Canada’s population hits 41M, Alberta is growing more than other provinces

TORONTO – Less than one year after reaching a population of 40 million, Canada has crossed a new milestone: as of Wednesday morning, the population is at 41 million, according to Statistics Canada’s real-time “tracker”. 

According to StatCan, between January 1, 2023 and January 1, 2024, Canada added 1,271,872 inhabitants, with a growth rate of 3.2%: the highest since 1957. In particular, since October 1 as of December 31, 2023, Canada’s population increased by 241,494 people (0.6%) – the highest growth rate in a fourth quarter since 1956.

Most of the growth rate of the Canadian population, equal – as we said – to 3.2%, derives from temporary immigration. Without it, Canadian population growth would have been 1.2%.

But where do the new residents go, above all? Apparently, the most “popular” province is Alberta: more and more Canadians (“new” or “old” as they may be) are answering “yes” to the “calls” that Alberta is making through a massive advertising campaign that highlights the advantages of “living in Alberta”, first of all the lower cost of housing compared to Ontario and British Columbia.

In fact, according to the latest Statistics Canada report, Alberta saw the largest net gain in interprovincial migration in 2023: as many as 55,107 Canadians moved to Alberta last year, which represents the largest increase in interprovincial migration in national level since comparable data became available, i.e. since 1972.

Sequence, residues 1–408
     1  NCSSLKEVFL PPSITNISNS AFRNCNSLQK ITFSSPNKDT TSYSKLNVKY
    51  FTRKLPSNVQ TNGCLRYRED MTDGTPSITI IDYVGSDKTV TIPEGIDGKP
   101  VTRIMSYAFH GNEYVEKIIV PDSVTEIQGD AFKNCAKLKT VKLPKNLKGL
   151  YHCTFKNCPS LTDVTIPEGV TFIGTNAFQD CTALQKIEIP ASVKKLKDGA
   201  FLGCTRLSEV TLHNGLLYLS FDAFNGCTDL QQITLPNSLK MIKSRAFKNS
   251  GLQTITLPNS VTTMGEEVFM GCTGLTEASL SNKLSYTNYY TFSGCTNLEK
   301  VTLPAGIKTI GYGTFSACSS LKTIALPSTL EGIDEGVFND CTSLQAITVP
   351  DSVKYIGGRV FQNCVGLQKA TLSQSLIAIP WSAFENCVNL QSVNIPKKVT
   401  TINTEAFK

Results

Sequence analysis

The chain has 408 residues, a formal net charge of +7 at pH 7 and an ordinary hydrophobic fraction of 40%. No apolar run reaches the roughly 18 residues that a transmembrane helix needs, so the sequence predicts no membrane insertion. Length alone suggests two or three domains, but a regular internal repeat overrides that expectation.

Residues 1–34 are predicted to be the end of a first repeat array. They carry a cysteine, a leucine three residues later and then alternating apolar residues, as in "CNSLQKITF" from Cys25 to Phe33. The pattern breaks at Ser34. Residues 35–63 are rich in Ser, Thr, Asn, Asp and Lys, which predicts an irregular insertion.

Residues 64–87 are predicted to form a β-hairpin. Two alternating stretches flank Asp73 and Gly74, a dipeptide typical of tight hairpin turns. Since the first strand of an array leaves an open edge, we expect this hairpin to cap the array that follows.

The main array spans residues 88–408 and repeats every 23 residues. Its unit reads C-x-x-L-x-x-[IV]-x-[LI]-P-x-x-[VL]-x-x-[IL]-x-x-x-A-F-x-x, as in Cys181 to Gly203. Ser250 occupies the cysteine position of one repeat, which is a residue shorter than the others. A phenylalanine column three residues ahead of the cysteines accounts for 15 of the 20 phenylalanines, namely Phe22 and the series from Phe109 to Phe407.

“Alberta has seen population increases due to interprovincial migration since 2022, a reversal of the trend observed from 2016 to 2021, when more people left that province than arrived from other parts of Canada” they explain from Statistics Canada. In total, “approximately 333,000 Canadians moved from one province or territory to another in 2023, the second-highest number recorded since the 1990s—and the third consecutive year that interprovincial migration exceeded 300,000”.

Meanwhile, British Columbia saw the movement of 8,624 more residents than in 2023, meaning net interprovincial migration was negative for the first time since 2012. Overall, the largest migration flows for British Columbia and l ‘Alberta are reciprocal, so most of the net loss from B.C. in 2023 it went to Alberta.

But things are much worse in Ontario than in B.C.: Canada’s most populous province lost 36,197 people to other areas in 2023, recording the largest loss in 2023, according to Statistics Canada data. This followed the loss of 38,816 people in 2022; the only other times a province lost more than 35,000 people to migration to other parts of Canada occurred in Quebec in 1977 and 1978. Alberta aside, net interprovincial migration also increased in Nova Scotia (+6,169 people), New Brunswick (+4,790) and Prince Edward Island (+818), although all three maritime provinces gained fewer interprovincial migrants in 2023 than the previous two years.

Photo by Jan Vašek from Pixabay